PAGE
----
Lloyd’s of London has estimated that global economic losses could reach £4 trillion under a “plausible increase” in extreme weather events linked to climate change that cause crop failures and food and water shortages.
The research, conducted in collaboration with the Cambridge Centre for Risk Studies, said social and economic changes are affecting the impact of heatwaves, freeze, droughts and water loss, and windstorms.
It was stressed that its “systemic risk scenario”, which models the global economic impact of extreme weather, was hypothetical.
But said the work would improve businesses’, insurers‘ and policymakers’ understanding of their exposure to critical threats such as extreme weather.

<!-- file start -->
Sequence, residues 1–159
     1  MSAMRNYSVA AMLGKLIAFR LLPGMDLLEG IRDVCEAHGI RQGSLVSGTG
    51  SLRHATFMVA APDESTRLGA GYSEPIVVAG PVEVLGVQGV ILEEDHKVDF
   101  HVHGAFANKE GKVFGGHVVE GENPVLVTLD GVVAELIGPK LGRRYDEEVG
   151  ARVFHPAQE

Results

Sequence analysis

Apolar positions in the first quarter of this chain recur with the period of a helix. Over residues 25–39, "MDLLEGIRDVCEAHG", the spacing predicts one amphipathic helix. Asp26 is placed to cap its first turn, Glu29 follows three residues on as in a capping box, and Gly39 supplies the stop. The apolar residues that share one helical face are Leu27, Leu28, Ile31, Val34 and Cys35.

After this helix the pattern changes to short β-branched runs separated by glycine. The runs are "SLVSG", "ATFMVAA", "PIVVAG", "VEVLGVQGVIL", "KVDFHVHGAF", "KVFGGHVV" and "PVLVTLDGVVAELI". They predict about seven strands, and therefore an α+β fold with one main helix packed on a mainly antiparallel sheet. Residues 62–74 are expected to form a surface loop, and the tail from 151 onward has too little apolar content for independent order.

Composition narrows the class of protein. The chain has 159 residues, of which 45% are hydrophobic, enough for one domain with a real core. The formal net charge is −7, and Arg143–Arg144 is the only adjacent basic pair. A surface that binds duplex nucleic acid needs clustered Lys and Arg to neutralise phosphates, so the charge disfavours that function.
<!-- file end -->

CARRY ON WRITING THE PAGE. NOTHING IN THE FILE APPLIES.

“The global economy is becoming more complex and increasingly subject to systemic threats”, said Dr Trevor Maynard, executive director of systemic risks at the Cambridge Centre for Risk Studies.
He also added that the research would “help businesses and policymakers explore the potential impacts of these scenarios”.
Lloyd’s modelled global economic losses of extreme weather events by estimating the impact of food and water shocks on global gross domestic product over a five-year period.
The global economic loss ranges from £2.4 trillion in the lowest severity scenario up to £14 trillion in the most extreme scenario.
“We will continue to use our convening power to support global risk resilience, providing risk transfer solutions to support companies and countries in their transition goals”, said John Neal, CEO of Lloyd’s.